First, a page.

Ingenia uses Philips’ revolutionary dStream technology to digitize the signal directly at the patient. “Because of this immediate digitization in the coil and further signal transmission through fiber optics, much less noise is added. The SNR increases and we get improved image quality,” explains Dr. Cheong.

“The dStream coils clearly reduce patient preparation time, as the Posterior coil is integrated in the MR tabletop and the system automatically selects the coil elements that provide highest SNR. In addition, the FlexCoverage Anterior coil is very flexible and lightweight,” reports Dr. Cheong. “The traditional cardiac coil was less comfortable for patients, especially those who have had surgery. Now, we just lay the patient down, put the Anterior coil on, plug it into the table, and go.”

dStream technology also provides the ability to automatically select only those elements that contribute to signal from the anatomy of interest. This relieves the operator from having to decide what coil elements to select to achieve the optimal SNR.

“The advances in coil handling have significantly reduced the room preparation time between patients, and have streamlined the workflow,” says MR technologist, Claudio Arena.

Protocols optimized for Cardiac MRI

Dr. Cheong explains how Ingenia’s high SNR improves specific cardiac exams. “We can tailor our scan sequences to either make the exam quicker or make the spatial resolution better. When a physician needs to see how much damage exists in the heart, we can improve our spatial resolution. However, in cine images where we look at heart function, we don’t have to crank up the resolution any more, so we can invest the SNR to decrease the imaging time, and reduce the number of breath-holds a patient has to perform in a single imaging session”.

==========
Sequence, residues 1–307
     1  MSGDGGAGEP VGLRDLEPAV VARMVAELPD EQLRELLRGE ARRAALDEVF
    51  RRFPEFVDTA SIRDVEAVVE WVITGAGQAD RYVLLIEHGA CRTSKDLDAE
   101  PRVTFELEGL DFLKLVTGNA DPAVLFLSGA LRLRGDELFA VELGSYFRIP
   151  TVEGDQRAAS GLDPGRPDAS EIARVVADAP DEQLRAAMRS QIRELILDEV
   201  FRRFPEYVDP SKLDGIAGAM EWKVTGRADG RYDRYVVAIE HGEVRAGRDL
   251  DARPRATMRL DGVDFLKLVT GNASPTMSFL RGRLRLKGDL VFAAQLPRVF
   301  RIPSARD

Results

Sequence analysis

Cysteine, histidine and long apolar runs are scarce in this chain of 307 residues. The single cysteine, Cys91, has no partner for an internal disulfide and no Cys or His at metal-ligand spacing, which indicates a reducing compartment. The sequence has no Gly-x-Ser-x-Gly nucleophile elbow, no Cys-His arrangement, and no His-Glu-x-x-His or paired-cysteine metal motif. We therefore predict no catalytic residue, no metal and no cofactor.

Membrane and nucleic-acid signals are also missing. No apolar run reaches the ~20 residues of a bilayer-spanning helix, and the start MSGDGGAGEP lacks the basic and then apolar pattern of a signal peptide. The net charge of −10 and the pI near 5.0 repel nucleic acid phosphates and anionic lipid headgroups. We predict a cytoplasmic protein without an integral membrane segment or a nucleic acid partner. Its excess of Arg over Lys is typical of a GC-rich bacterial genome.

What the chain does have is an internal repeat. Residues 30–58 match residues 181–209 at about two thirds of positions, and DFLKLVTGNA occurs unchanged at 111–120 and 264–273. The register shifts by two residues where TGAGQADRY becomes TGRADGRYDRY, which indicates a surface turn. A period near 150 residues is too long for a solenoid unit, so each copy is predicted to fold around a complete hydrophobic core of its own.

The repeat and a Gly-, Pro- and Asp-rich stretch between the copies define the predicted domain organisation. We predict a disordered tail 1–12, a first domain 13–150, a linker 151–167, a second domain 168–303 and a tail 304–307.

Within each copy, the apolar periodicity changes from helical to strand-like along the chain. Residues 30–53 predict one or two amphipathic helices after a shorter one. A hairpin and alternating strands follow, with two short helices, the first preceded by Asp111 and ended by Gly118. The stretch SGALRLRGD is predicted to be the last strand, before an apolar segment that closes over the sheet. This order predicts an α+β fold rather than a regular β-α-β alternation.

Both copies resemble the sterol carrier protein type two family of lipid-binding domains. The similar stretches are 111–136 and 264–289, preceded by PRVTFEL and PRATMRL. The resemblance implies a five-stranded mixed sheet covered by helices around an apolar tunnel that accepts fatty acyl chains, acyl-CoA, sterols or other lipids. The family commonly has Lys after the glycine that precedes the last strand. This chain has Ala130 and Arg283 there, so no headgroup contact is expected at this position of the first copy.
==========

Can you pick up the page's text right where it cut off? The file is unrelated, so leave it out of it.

“Ingenia delivers ease of use for the technologist, better images for the doctors and comfort for the patient,” Dr. Cheong says. “Its high image quality has improved our confidence and this can translate into providing more useful information to our referring physicians, so ultimately this also helps patients.”


RESEARCH sidebar

74-channel coil designed for imaging large areas with high coil density

St. Luke’s is using a research coil with 74 independent coil elements on its Ingenia 3.0T system. This 74-element coil is designed to cover the entire anatomy, from the heart all the way through the head with sufficient coil element density. This coil is being researched for imaging both a large area as well as a specific region within the field of view at very high spatial resolution. In conventional MRI two different coils would be needed for this, often requiring repositioning of the patient.

St. Luke’s Episcopal Hospital, SLEH, Houston,
Texas, USA.

Dr. Muthupillai explains, “We could connect this 74-channel coil on Ingenia without modifying the RF platform. Our preliminary tests with this coil showed that it can cover a large FOV as well as zoom in and image a small area with very high resolution.”

Dr. Amol Pednekar, a Philips clinical scientist working with the St. Luke’s team, presented the results from this preliminary experience at the ISMRM 2011.



C. Possanzini, P. van Liere, H. Roeven, J. den Boef, C. Saylor, J. van Eggermond, P. Harvey,
E. Moore

Scalability and Channel Independency of the Digital Broadband dStream Architecture

Proc. ISMRM 19 (2011) 1863

A. Pednekar, C. Arena, G. Wilson, C. Possanzini, C. Saylor, R. Muthupillai

Comprehensive Neurovascular Evaluation Using an Automatic Optimal SNR-based Channel Combination from a 62 Element Coil Array at 3T

Proc. ISMRM 19 (2011) 1888

R. Krishnamurthy, A. Pednekar, M. Kouwenhoven, P. Harvey, C. Arena, B. Cheong,
M. Kouwenhoven, R. Muthupillai

Quantitative Evaluation of Regional RF shimming on a Wide Aperture Dual-Channel Multi-Transmit 3.0T: Implications

Proc. ISMRM 19 (2011) 3353

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Mar 27, 2012

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Best Practice
Ingenia 3.0T
Cardiac, dS Torso coil solution, dStream, MultiTransmit